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Do Cat Spikes Work and What Alternatives Are There?

Cat spikes are sometimes used by homeowners hoping to prevent animals from gaining access to their property. Commonly Cat spikes work by making it very unpleasant for cats to cross a chosen boundary. The spikes are nailed to the top of fences or applied to walls but be aware that warning signs are sometimes required alerting people to the risks. Additionally, it is essential to ensure that the spikes are not sharp and not illegal in your country. Many types of cat spikes are illegal in the UK, so if you were thinking of using them you must do your research.

How to Stop Cats Entering Your Property

Cat spikes are designed to be safe but uncomfortable, but they aren’t always effective as many cats will still cross the boundary and simply put up with the pain. In fact, some cats are stubborn enough to sit on the spikes as if they weren’t even there. Cat spikes can also cause problems with neighbours that are unhappy about the spikes being installed on shared fences. There are far more suitable, effective, neighbour and animal friendly solutions that are available.

Cat owners understand that not everyone feels the same way about cats as they do. Not everyone wants cats in their garden, chasing birds, using the garden as their private latrine, fighting or spraying. These are some of the most common reasons for people to try to stop cats entering their gardens and why cat spikes might be used. If you’re considering drastic action, we recommend trying the options below.

Cat Fencing

Cat fencing is a cat friendly option that is highly effective at keeping cats in controlled outdoor territories. Cat fence top barriers are attached to the fences and can be removed and relocated if the homeowner moves or no longer requires them.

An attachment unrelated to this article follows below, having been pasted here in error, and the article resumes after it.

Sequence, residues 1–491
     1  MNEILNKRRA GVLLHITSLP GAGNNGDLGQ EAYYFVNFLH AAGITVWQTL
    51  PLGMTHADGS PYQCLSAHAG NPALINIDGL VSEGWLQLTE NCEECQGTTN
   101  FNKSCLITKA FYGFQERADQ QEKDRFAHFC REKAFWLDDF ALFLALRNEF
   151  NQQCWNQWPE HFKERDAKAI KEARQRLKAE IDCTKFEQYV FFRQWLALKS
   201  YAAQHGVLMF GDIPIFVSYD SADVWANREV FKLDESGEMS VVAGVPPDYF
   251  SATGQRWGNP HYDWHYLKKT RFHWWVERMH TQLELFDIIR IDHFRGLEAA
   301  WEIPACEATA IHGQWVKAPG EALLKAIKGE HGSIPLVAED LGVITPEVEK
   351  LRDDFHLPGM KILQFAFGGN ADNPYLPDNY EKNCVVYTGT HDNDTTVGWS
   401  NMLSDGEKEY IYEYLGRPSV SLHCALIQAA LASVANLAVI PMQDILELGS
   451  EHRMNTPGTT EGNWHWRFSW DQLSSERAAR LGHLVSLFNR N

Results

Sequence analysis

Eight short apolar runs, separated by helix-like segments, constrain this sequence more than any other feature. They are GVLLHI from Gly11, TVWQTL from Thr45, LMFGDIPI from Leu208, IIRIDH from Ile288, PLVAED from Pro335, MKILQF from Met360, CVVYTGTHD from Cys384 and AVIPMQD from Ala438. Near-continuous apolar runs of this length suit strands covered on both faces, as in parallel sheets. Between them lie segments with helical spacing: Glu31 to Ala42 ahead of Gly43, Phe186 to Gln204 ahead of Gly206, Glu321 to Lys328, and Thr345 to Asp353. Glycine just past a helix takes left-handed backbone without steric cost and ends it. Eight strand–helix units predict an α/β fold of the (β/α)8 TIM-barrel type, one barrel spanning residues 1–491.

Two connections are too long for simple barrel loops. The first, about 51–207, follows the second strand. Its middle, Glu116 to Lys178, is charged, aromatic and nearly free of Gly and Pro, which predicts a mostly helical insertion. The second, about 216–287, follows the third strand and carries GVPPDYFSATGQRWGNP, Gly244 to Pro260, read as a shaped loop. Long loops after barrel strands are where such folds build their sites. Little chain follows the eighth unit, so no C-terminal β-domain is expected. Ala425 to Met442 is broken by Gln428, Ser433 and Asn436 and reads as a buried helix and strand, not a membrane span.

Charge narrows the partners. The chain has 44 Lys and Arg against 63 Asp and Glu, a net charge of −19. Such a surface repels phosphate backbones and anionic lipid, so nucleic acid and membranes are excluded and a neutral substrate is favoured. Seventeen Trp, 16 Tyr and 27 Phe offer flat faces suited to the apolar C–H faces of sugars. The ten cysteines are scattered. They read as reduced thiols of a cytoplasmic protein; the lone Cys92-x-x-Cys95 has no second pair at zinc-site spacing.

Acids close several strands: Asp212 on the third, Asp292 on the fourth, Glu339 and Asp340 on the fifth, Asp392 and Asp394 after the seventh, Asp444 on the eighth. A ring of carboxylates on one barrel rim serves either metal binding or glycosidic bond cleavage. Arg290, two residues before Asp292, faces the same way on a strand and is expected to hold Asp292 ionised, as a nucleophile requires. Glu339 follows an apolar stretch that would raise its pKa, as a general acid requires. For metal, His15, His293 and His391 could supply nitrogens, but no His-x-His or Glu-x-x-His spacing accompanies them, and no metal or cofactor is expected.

Not all plants are loved by cats so choosing planting can make a huge difference to how cats feel about entering your space. Cats hate prickly plants and they are not keen on wet soil, small pebbles or anything else that feels uncomfortable under foot.

Don’t Talk to the Cats

Saying 'hello' or giving friendly signals may encourage the cats to enter your garden. Ignore the cats in the streets outside and clap or shoo them away when you see them crossing into your boundaries.

Speak to Your Neighbour

Gently speak to your neighbour and let them know that you are not keen on the cats going in your garden. Ask if they could add an additional toilet area for their cats in their own garden and discuss prevention ideas together. The cat owner will more than likely try to take steps to stop their pet from causing you any distress. This may include keeping cats in the home, adding cat fencing, reducing time outside, making their garden more interesting and so on.

There’s no need to cause any upset by using cat spikes that are often totally ineffective. Try one or more of the options above and speak to your neighbours to find the right solution for everyone.

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